… the information hidden within your cells? In The Violinist’s Thumb and Other Lost Tales of Love, War, and Genius, as Written by Our Genetic Code, Sam Kean takes us through the history of mankind’s understanding of genetics and heredity, from early beliefs through Mendel’s pea plants to the Human Genome Project. Along the way, he touches on a wide variety of subjects, including the effects of the nuclear bombs on people in Hiroshima and Nagasaki, differences (and similarities) between Neanderthals and humans, and the extent to which genes determine our destiny.
Mr. Kean is an engaging writer, introducing the reader to the personalities and quirks of the many scientists involved in the study of genes, chromosomes, and DNA. He also takes a difficult subject and makes it interesting and understandable to the average person, much as he did with The Disappearing Spoon and elements (previously reviewed). Mr. Kean adds a very personal note to the narrative by talking about the results of his own genetic test and his fears about the chance that he could be at a higher risk of developing Parkinson’s Disease.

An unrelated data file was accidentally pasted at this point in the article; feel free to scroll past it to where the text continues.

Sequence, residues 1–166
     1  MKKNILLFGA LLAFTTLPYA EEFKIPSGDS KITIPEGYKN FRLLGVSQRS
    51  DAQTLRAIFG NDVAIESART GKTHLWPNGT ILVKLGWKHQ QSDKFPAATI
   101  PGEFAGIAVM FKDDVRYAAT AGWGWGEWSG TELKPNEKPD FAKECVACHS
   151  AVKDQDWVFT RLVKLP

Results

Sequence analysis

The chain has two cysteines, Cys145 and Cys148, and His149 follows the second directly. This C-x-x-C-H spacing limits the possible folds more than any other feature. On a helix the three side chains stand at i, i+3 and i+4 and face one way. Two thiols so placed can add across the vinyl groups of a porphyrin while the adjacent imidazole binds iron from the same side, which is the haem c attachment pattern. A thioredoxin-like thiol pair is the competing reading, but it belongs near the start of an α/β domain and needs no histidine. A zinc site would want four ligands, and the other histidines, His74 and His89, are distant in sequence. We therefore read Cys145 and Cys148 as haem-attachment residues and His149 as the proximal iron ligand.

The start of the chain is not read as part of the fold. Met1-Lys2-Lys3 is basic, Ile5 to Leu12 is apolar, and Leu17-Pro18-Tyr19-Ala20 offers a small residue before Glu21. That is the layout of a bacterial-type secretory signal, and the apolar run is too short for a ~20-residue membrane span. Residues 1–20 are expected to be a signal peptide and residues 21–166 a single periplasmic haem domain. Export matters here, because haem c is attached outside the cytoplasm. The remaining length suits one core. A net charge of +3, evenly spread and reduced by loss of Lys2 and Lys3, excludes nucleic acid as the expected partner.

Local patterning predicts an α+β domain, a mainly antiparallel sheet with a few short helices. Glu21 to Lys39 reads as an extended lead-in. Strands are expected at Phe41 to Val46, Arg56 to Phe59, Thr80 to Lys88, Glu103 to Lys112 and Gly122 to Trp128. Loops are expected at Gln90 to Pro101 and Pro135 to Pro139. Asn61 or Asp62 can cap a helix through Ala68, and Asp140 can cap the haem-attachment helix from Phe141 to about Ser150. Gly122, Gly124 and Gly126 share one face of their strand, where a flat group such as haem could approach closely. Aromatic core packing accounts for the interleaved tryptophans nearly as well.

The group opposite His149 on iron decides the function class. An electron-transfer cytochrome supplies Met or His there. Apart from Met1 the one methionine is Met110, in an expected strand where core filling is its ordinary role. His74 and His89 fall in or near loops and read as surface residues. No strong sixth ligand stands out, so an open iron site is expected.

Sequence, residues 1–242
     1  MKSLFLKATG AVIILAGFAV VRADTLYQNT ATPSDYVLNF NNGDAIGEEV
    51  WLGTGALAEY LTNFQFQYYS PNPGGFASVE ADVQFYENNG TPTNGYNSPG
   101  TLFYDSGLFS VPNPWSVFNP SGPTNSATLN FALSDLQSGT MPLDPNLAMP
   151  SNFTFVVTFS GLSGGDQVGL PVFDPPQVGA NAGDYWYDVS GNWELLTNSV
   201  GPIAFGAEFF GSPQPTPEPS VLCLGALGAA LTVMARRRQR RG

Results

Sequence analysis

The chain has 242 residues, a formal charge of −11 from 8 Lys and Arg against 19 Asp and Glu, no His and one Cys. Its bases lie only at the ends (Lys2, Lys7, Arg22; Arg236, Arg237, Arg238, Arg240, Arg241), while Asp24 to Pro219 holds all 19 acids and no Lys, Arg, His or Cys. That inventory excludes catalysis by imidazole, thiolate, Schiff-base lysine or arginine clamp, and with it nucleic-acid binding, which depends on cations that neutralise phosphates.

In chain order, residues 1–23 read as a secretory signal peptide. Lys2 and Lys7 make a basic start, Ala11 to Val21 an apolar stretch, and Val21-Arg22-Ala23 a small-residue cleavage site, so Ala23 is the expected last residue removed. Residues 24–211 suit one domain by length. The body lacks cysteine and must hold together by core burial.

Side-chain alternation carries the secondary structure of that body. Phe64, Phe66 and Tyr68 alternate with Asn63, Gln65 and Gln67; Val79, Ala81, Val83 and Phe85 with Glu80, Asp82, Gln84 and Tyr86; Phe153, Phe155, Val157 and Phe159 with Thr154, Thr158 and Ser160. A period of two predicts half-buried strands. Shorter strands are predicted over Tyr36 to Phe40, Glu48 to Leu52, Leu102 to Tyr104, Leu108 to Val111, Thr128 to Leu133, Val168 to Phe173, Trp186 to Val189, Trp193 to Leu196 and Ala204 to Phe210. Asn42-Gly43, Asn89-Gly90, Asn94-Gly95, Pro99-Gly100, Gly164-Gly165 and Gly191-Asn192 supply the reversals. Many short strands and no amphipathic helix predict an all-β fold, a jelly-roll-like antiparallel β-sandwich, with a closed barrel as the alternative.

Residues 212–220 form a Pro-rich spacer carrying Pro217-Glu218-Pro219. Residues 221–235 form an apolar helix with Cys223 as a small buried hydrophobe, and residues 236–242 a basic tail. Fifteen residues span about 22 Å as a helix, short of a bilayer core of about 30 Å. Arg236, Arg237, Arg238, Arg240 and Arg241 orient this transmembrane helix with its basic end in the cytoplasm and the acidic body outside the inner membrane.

This well-written book provides an interesting account of the history of genetics, our current understanding of the field, and what scientists are looking at next. The author also looks at how our understanding of DNA affects everything from history and archaeology, to sociology and, of course, medicine.
Reviewed by Fran (staff)